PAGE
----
Source: CBCNews

With a little elbow grease and a lot of ingenuity, a new Alberta business is churning out biodegradable auto parts made from wood, hemp and flax.

imageThe BioComposites Group plant, located on Drayton Valley’s Bio-Mile, uses a one-of-a-kind manufacturing process to make door panels, kick pads, cup holders and dashboard panels.

“We take waste wood fibre and waste agricultural fibers, and then needle them together with a process that creates a mat that is used for interior panels,” said Dan Madlung, CEO and co-owner of BioComposites Group.

Dan Madlung

Dan Madlung

The lightweight panels are then shipped to the United States, where they are pressed then passed along the manufacturers.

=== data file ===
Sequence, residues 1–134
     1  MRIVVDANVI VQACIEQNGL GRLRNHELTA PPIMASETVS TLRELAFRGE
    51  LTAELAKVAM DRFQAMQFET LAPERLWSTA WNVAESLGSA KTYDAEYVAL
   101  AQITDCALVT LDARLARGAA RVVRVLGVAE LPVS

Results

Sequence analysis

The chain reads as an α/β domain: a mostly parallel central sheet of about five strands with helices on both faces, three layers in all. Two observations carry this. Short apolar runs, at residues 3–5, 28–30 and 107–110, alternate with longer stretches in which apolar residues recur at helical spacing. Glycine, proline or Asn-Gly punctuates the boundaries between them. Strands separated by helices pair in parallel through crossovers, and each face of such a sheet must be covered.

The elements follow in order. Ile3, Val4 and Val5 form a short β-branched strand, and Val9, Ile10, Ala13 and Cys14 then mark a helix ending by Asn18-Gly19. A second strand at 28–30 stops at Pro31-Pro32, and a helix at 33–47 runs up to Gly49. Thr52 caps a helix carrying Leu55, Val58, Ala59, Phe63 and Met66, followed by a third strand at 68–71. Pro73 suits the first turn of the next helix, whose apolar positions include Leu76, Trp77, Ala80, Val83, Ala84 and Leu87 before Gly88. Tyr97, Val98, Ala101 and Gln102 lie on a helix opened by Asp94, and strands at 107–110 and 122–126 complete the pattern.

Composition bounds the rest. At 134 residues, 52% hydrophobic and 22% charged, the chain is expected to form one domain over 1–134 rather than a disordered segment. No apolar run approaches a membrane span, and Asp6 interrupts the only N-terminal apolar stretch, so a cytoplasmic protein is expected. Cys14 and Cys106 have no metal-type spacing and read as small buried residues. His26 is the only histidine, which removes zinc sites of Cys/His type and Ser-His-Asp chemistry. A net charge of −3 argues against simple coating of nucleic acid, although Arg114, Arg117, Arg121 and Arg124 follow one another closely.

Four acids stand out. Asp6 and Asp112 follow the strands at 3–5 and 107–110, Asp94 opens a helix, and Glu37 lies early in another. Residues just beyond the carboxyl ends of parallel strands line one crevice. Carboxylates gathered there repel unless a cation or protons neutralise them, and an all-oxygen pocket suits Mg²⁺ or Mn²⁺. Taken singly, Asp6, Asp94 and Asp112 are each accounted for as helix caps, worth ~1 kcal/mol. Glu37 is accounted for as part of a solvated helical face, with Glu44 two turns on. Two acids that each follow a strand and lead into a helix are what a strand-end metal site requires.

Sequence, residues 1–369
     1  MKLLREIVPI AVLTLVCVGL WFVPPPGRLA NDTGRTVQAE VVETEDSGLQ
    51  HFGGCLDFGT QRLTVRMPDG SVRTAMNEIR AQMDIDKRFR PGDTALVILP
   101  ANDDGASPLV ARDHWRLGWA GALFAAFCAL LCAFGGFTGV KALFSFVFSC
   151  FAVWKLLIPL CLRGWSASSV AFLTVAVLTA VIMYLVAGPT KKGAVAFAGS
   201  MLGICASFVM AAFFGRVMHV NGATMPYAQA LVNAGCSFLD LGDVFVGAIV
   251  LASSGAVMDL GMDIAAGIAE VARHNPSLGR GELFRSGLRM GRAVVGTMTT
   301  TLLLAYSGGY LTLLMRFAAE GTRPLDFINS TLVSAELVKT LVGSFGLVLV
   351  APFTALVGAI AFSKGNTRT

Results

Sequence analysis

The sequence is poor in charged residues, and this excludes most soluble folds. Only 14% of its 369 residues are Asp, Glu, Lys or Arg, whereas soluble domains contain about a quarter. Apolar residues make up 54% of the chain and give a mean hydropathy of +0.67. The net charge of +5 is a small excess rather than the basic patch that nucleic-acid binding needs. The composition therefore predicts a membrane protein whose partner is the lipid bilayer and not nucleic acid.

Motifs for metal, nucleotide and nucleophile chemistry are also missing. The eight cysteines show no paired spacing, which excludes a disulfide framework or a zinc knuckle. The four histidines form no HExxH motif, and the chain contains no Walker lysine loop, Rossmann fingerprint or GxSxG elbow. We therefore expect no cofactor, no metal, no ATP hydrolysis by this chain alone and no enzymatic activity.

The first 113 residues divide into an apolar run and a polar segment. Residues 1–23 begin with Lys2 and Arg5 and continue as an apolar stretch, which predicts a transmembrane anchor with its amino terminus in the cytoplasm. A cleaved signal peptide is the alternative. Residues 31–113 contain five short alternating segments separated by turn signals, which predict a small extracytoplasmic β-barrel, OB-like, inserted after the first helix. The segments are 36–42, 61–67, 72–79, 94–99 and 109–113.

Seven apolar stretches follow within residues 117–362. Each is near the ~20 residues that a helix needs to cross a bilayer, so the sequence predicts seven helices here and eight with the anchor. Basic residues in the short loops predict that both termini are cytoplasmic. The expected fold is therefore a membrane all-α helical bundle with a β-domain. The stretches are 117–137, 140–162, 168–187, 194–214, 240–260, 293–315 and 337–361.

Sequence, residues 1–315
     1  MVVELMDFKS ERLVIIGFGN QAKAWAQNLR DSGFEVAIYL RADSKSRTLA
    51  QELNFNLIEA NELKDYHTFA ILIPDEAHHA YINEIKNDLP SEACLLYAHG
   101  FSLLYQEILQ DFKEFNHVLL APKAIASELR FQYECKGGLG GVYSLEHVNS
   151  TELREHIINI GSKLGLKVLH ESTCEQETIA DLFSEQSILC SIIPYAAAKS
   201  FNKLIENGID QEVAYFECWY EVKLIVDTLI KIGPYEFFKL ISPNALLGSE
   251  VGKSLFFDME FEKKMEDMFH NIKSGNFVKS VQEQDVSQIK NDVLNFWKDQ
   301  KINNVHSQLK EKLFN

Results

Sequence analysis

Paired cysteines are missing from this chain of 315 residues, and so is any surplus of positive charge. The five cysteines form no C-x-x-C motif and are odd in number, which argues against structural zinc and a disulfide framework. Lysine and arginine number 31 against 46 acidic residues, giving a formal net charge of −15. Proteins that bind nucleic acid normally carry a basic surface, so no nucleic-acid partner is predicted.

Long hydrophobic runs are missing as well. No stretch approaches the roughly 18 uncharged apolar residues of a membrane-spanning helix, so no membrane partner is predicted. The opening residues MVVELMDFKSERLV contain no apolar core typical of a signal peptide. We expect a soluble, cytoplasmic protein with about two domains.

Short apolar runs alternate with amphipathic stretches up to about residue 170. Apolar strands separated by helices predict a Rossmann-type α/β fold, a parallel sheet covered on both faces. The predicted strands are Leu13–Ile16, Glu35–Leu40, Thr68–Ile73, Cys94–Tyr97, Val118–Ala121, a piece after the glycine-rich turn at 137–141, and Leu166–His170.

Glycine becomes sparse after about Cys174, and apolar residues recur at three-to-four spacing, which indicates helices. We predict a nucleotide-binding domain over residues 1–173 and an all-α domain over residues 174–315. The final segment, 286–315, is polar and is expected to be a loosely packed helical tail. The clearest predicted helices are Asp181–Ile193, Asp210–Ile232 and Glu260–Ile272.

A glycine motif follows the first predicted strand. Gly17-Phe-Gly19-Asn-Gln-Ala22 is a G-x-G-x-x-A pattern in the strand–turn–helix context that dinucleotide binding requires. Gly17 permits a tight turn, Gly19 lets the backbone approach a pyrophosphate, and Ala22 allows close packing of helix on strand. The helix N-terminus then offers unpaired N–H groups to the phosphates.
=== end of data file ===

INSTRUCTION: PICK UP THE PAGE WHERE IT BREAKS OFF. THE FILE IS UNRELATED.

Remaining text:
Madlung, along with his wife and business partner, Brenda, have been up and running now for more than a year.

The panels are already being tested in a few high-end cars, Madlung said, including BMW, Audi and Mercedes Benz, and in large trucks like Kenworth and Peterbilt.

And he hopes their product will one day make fibreglass and plastic components obsolete.

“And it’s very big for Alberta, in that every acre of hemp that we use sequesters five times as much CO2 as a forest does. So it’s pretty big for the environment.” Madlung said on an interview with CBC Edmonton’s Radio Active.

Quite a ride

They’ve shipped out a couple of truckloads so far, and are expecting permanent customers to come online within the next month.

But it hasn’t been easy to get a foothold in the industry.

It took years to get the business off the ground, but after $12 million of their own private funding, $4.5 million from Alberta Innovates Bio Solutions, and investment from Ottawa’s Investments in Forest Industry Transformation initiative they are finally gaining speed.

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